Guía de Estudio Rocas Ígneas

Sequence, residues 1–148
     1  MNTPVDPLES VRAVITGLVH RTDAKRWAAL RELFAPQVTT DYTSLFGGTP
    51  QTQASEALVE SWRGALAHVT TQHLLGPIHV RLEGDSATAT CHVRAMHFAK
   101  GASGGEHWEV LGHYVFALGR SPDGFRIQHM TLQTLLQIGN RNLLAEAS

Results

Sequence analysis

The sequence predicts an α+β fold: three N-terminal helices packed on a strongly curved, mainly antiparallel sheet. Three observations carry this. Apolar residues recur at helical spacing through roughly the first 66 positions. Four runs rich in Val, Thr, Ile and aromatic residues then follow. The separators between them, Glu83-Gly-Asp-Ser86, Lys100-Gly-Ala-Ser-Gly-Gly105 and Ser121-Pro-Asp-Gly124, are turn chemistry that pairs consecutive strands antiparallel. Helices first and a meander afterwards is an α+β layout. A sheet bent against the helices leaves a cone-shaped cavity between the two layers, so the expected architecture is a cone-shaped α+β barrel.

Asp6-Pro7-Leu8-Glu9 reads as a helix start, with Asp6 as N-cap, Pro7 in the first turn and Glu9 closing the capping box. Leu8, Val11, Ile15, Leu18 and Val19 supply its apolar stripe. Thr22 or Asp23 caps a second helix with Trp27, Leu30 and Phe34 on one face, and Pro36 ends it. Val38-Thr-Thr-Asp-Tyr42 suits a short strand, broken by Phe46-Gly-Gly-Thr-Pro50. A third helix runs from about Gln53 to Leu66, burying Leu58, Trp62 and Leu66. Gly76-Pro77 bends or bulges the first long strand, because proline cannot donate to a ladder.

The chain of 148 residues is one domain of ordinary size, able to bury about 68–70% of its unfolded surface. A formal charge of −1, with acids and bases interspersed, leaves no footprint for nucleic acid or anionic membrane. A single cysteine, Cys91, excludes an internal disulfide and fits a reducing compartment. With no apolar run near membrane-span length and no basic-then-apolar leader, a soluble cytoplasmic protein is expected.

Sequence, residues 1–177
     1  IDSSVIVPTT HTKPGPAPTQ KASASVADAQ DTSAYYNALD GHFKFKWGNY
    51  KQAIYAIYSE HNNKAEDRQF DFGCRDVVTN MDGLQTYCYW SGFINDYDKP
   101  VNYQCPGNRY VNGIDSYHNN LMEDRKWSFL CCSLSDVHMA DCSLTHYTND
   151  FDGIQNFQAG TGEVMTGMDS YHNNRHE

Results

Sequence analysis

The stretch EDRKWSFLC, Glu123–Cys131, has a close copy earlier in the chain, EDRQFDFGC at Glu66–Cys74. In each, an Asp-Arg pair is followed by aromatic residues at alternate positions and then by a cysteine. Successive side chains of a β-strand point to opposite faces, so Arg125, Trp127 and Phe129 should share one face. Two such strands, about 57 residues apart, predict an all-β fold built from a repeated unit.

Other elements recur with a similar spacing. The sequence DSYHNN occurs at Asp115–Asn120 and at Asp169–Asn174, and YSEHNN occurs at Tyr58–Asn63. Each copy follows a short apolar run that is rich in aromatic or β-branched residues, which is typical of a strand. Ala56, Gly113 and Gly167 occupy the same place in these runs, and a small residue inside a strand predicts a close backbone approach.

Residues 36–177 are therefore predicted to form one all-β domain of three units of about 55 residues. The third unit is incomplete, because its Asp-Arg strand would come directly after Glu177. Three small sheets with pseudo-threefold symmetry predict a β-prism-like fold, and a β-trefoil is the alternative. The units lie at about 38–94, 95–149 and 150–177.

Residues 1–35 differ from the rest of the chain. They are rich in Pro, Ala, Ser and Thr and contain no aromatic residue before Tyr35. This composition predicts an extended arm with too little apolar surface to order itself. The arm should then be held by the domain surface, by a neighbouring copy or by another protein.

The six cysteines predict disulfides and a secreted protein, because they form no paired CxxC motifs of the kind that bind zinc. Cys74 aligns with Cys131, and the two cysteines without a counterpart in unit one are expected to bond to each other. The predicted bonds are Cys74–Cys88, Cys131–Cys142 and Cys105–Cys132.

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<ul><li><p>8/11/2019 Gua de Estudio Rocas gneas</p><p> 1/30</p></li><li><p>8/11/2019 Gua de Estudio Rocas gneas</p><p> 2/30</p><p>Math/Science Nucleus 2001 2 </p><p>Objective:Students explore details ofthe rock cycle.</p><p>Teacher note</p><p>The rock cycle is a journey of how three types of rocks recycle themselvesthroughout Earths history. Review with students the three types including igneous,metamorphic, and sedimentary. Discuss in detail the rock cycle using the graphicsin the reader. As students go through each of these lessons, emphasize how it fitsinto the rock cycle.</p><p>There are several web sites that can assist you in learning more about thedifferent components of the rock cycle. Below are just a few, but we suggest you doa search to find any new or updated sites on the Rock Cycle.http://www.geocities.com/RainForest/Canopy/1080/ The Stupid Page of Rocks - good basic information on rocks, aimed at kids</p><p>http://seis.natsci.csulb.edu/basicgeo/IGNEOUS_TOUR.html California State University, Long Beach, tour of igneous rocks</p><p>http://geollab.jmu.edu/Fichter/IgnRx/IgHome.html James Madison University Geology Department</p><p>EARTH SCIENCES - IGNEOUS ROCKS</p><p>Lesson 1-Rock Cycle</p><p>MATERIALS:</p><p>reader</p></li><li><p>8/11/2019 Gua de Estudio Rocas gneas</p><p> 3/30</p><p>Math/Science Nucleus 2001 3</p><p>Looking in the caldera of Mt. Etna</p><p>Walking on the top of Mt. Etna</p><p>The eruption occurred only a few months ago, but yetthe tour buses are bringing people to view the majestic Mt.Etna, on the island of Sicily. The view from the window is</p><p>obscured by ash that still rains down as the wind kicks ash andspins it around the bus. The tires on the bus are specially</p><p>made to drive over the crumbly, jagged basaltic rock. Thecreation of igneous rocks is an awesome sight, especially when</p><p>you realize that this is the beginning of the rock cycle.Recent snow combines with the ash to make a gray</p><p>slush that seems out of place,on a mountain where lavarecently rolled down theflanks of the volcano. Thebus can only go so far,because another lava flowcould erupt at any time. As</p><p>you walk to the caldera,youwonder about what you willsee. Weird thoughts of seeing the center of the Earth oreven jumping to join the devil, enter your thoughts.</p><p>As you look over, the gas looks like it is bubbling,like a witchs brew. The wind from the earthly hole whipsyour hat, as you jump back and almost wish you hadntwanted to experience the formation of igneousrocks.</p><p>Life isnt easy for rocks. They are</p><p>born from breaking, melting, and extremepressures. Rocks never die. They areforever forming and changing. We standon rocks, build with rocks, grow food from</p><p>rocks, and mine resourcesfrom rocks.Look around and you can see that</p><p>the products of minerals and rocks are avital part of our everyday life. Concrete is abuilding material made of cement (calciteand clay), sand, and gravel. Cinder blocks</p><p>are reformed cinder deposits from a</p><p>volcano. Homes use a variety of stonesas building and ornamental materials.The rock cycle is a symbol of an ever-changing Earth. The three types of rocks</p><p>igneous, metamorphic, and sedimentary, record these changes, and it is up togeologists to decipher the clues and develop a history of the Earth.</p></li><li><p>8/11/2019 Gua de Estudio Rocas gneas</p><p> 4/30</p><p>Math/Science Nucleus 2001 4</p><p>Lava flow from Hawaii</p><p>Kenya, Africa</p><p>Simplified rock cycle</p><p>Early humans could not imagine whererocks came from. They could describe thephysical features of a rock but it was difficult todetermine where rocks came from. Rocks thatformed through the action of water were observed</p><p>early on. Since sedimentary rocks are the mostcommon on the surface of the Earth, it was easyfor people to make this connection.</p><p>Geologists even up to the early 1800'sbelieved that all rocks crystallized from oceanicwater. Even volcanic eruptions were thought to</p><p>be burning ofcoal seams beneath a volcanic vent. Eventually theNeptunists or people who believed that all rockscame from water, were replaced by geologists whowitnessed volcanic activity. An expedition around</p><p>1730's to Iceland, watched lava flows from fissuresinthe Earth, was the evidence that Plutonists (scientistswho believed that volcanic rocks were from within theEarth) needed to dispel the theories of the Neptunists.</p><p>It was not until the 1960's that theunderstanding of the crust of the Earth, through platetectonic movement, did it become apparent how the</p><p>rocks actually recycled themselves. Slowly throughtime, the crust of the Earth moves and causes rocks tomelt, crystallize, weather, and get squished over andover through time. The understanding of plate</p><p>tectonics gave geologists anoverall picture of rockformation.</p><p>Today we are stillrefining how rocks areformed. Even some rockslike granite (igneous) andchert (sedimentary) are stillin debate. As we understandmore of the dynamics of thecrust and its interaction withthe mantleand core, we might unlock the mysteries of how rocksare formed.</p></li><li><p>8/11/2019 Gua de Estudio Rocas gneas</p><p> 5/30</p><p>Math/Science Nucleus 2001 5 </p><p>Metamorphic rocks fromCanadian shield</p><p>Sedimentary rocks fromCanyon de Chelly, Arizonia</p><p>As we understand them now, igneous rocks are formed when rocks are melted andthen cooled. Magma can cool slowly inside the crust and upper mantle of the Earth, formingrocks like granite. Granite has large minerals that can be seen with the naked eye. These</p><p>are called plutonicrocks. Quick cooling magmas are generally erupted onto the Earthssurface, called volcanicrocks.</p><p>Igneous rocksare found where platesdiverge, as lava risesand fills the gapbetween the plates.Igneous rocks also formwhere plates converge.</p><p>The subducting platemelts as it sinks into thecrust of the Earth, andthe melt rises into the</p><p>overriding plate formingvolcanoes.</p><p>Metamorphic rocks are formed mainly in thelithosphereor crust and upper mantle, wherever there is highpressure and high temperature. If the pressure andtemperature are too high,metamorphic rock will melt and</p><p>become igneous. Metamorphic rocksare most abundant at convergentplate boundaries, but can occur inother areas where there are increasedpressures and/or temperatures.</p><p>Sedimentary rocks form onlyon the surface of the Earth.Sedimentary rocks form in two main</p><p>ways, fromclasticmaterial (pieces ofother rocks or fragments of skeletons)</p><p>that are cemented together, and by chemical mechanisms</p><p>including precipitation and evaporation. There are manyenvironments associated with sedimentary rock formationincluding oceans, lakes, deserts, rivers, beaches, and glaciers.They may form at all types of plate boundaries, but the thickestsedimentary rock accumulations occur at convergent plateboundaries. Fossils are associated with sedimentary rocks.</p></li><li><p>8/11/2019 Gua de Estudio Rocas gneas</p><p> 6/30</p><p>Math/Science Nucleus 2001 6 </p><p>Grinding stone</p><p>Stone weapon</p><p>Tree growing from granite</p><p>Early humans used stones in their everydaylife. They did not know how they formed, but theyused tools fashioned from stones. These tools wereused as weapons, in agriculture, grinding food, or tobuild a house. Even the first wheels were made of</p><p>stones.Learning about the rock cycle is more thanjust identifying rocks and minerals. Rocks can holdclues of how the Earth formed and evolved throughtime, and it is for us toi n t e r p r e t a n c i e n tenvironments. Geologyunlike other scientificfields incorporates thefourth dimension, time.</p><p>As the Earth moves</p><p>slowly through time, the landscape can change fromcold to hot, from rainy to dry. It can melt large spans of theocean or erode the highest mountains. As these processesof the rock cycle are at work, they are superimposed byliving organisms, especially within the last billion years oftime.</p><p>The interface of the Earth and life is a unique featureof the Rock Cycle. Plants require the nutrients that mineralsfrom the rocks provide. Rocks are sometimes considered adead science, but add water and life can come from rocks.</p></li><li><p>8/11/2019 Gua de Estudio Rocas gneas</p><p> 7/30</p><p>Math/Science Nucleus 2001 7 </p><p>Objective: Students read about howigneous rocks are formed.</p><p>Teacher notesIf your students have completed the Plate Tectonic units on Volcanoes, they should be</p><p>familiar with different volcanic environments. This reader emphasizes how all igneous rocks areformed and explores how the formation is related to igneous rock classification.Emphasize the two different environments, volcanic (lava, extrusive) versus plutonic (magma</p><p>intrusive). There are many different environments that can create very different rocks. It is noalways easy to identify hand samples. Sometimes igneous rocks can look like sedimentary ometamorphic. Geologists sometimes have to take a specimen back into their lab and do furtheanalysis under the microscope to really determine the type of rock.</p><p>There are different web sites that can help your students visualize volcanic rocks, but plutonicrocks are more difficult. Below are a few sites that may be helpful.</p><p>Class notes from Dr. Pamela Gore, of Perimeter College. Good pictures of the different types o</p><p>igneous rocks.http://www.dc.peachnet.edu/~pgore/geology/geo101/igneous.htm</p><p>Pictures of igneous rocks from Volcano World.http://volcano.und.nodak.edu/vwdocs/vwlessons/lessons/Slideshow/Igrocks/Igindex.html</p><p>EARTH SCIENCES - IGNEOUS ROCKS</p><p>Lesson 2- Formation of IgneousRocks</p><p>MATERIALS:</p><p>reader</p></li><li><p>8/11/2019 Gua de Estudio Rocas gneas</p><p> 8/30</p><p>Math/Science Nucleus 2001 8 </p><p>Granite boulder reveals where these rocks wereformed</p><p>Igneous rocks form from molten rocks,which are thick, fluid masses of very hotelements and compounds. There are manydifferent types of igneous rocks. However, theywere once melted and have since cooled down.</p><p>The two major factors that influence the creationof igneous rocks are the original rock that wasmelted and the cooling history of the moltenrocks.</p><p>The original rock could be any initial rock.P la te tec ton icmechanisms moverocks throughoutthe crust, so evensedimentary andmetamorphic rocks can become melted again in a subduction</p><p>zone. The different types of rocks melt into different chemicalmagmas, which then is dependant on how it cools.Molten rock with different cooling histories and different</p><p>chemical composition will form different igneous rocks. Ifmagma cooled inside the crust of the Earth, the rocks willhave larger minerals and referred to as plutonicor intrusiverocks. Molten rock that flows out onto the surface is calledlava. These rocks are called volcanicor extrusiverocks.</p></li><li><p>8/11/2019 Gua de Estudio Rocas gneas</p><p> 9/30</p><p>Math/Science Nucleus 2001 9</p><p>Volcanic rock formation</p><p>Volcano, Costa Rica</p><p>Basalt</p><p>Andesite</p><p>E x t r u s i v eigneous rocks havesmall minerals (fine-grained) becausethey cooled quickly.</p><p>The minerals did nothave enough time toform larger minerals.The minerals cannotbe seen without theaid of a hand lens.Geologists use the term aphaniticto describe thistexture. The rocks can be whitish to very darkgray, depending on what minerals formed duringcooling.</p><p>Different types of volcanoes produce a</p><p>variety of rocks. Sometimes the pressure in avolcano is so great that it explodes violently.These eruptions produce the secondary type ofvolcanic rock, called pyroclastic rock (from the</p><p>Greek, pieces of fire.) Pyroclastic rocks may contain crystals, if the molten rock hadbegun to crystallize before it exploded. Pyroclastic rocks may also contain pieces of pre-existing rock. Another type of volcanic rock is caused by a lahar. A lahar is an Indonesianterm that describes a hot or cold mixture of water, old rock fragments, and new pyroclasticmaterial. It can flow down the slopes of a volcano and (or) river valleys and create layersof a mess.</p><p>Identification of volcanic rocks is dependant on thetype of eruption and the original chemistry of the lava.Lavas that are rich in minerals like quartzand feldsparareusually light in color. They are usually associated withvolcanism on land. Rocks that are rich in hornblende,augite, and olivineare darker in color and associated witheruptions under the oceans.</p><p>All volcanic rocks will cool muchquicker than plutonic rocks and this isreflected in the size of the minerals. In</p><p>a hand sample, the minerals aredifficult to distinguish. But, you canlook at the rock and get a basic idea.</p><p>If it is a dark colored rock and fine grained, it can be basalt. If it islighter colored, almost a pink-gray, then it is andesite.</p></li><li><p>8/11/2019 Gua de Estudio Rocas gneas</p><p> 10/30</p><p>Math/Science Nucleus 2001 10 </p><p>Scoria</p><p>Tephra</p><p>Volcanic bomb</p><p>There are many typesof pyroclastic rocks that areproduced. Tephra is thegeneral term for rocksproduced by an explosive</p><p>volcanic eruption. Tephraincludes large dense blocksand bombs, and small light</p><p>rock debrissuch as scoria, pumice, and ash.Scoria is a vesicular (bubbly) glassy</p><p>lava rock with a chemical composition similarto basalt with more iron. Pumice is a frothyobsidian rock. Volcanic bombs can be largerchunks of lava that are basically spitted fromthe volcano. They are dense and look like abomb. Particles of volcanic ash are</p><p>extremely small, but they are very hard. If youbreathe ash during an eruption, it can puncture your lungs and causedamage</p><p>Plutonic rocks can form inlarge or small magma chambersinside the crust and upper mantle ofthe Earth. These chambers neverreach the surface, unless they have</p><p>cooled and the surface rocks areeroded away. The term plutonrefers to large and small chambers.</p><p>A batholithis the largest chamber,while alaccolith is a smaller pluton.Magma cuts into what is called thecountry rock. It can intrude either</p><p>in the same direction (a sill) oracross the beds (dike).</p><p>Sometimes the molten rockinside the chambers may be chemically different. This would create different types of</p><p>minerals as the rock cools. For example, molten rock rich in silica (SiO2), aluminum (Al),potassium (K), and calcium (Ca) tends to make light-colored minerals. This would besimilar to granite. In contrast, gabbro is a rock from magma rich in iron (Fe) andmagnesium (Mg), with green to black minerals.</p></li><li><p>8/11/2019 Gua de Estudio Rocas gneas</p><p> 11/30</p><p>Math/Science Nucleus 2001 11</p><p>Granite</p><p>Schlieren structure</p><p>Bowen Reaction Series</p><p>Plutonic rocks are composed of large mineralsbecause they cooled slowly within the crust and uppermantle of the Earth. This gives the minerals time to grow</p><p>larger. Large minerals are referred to having a phaneritictexture. For example, magma that cools slowly creates</p><p>rocks like granite, which have large minerals that can beseen with the naked eye.Plutonic rocks have other textures that can help</p><p>identify them. Becausethe magma chamber isa fluid there can bemovement of the liquid.</p><p>As the minerals start toprecipitateout of the melt, they can form patterns asthe fluid moves. Sometimes the magma cools intorock with this pattern. For example, a schlieren</p><p>structure is due to this movement. It is a concentrationof darker minerals in a wavy pattern.</p><p>Minerals form from the magma through different processes. One process starts withmagma and first formed minerals remove hornblende, augite and plagioclase from thebrew. The remaining melt will have the ingredients to form lighter colored minerals like</p><p>orthoclase and...</p></li></ul>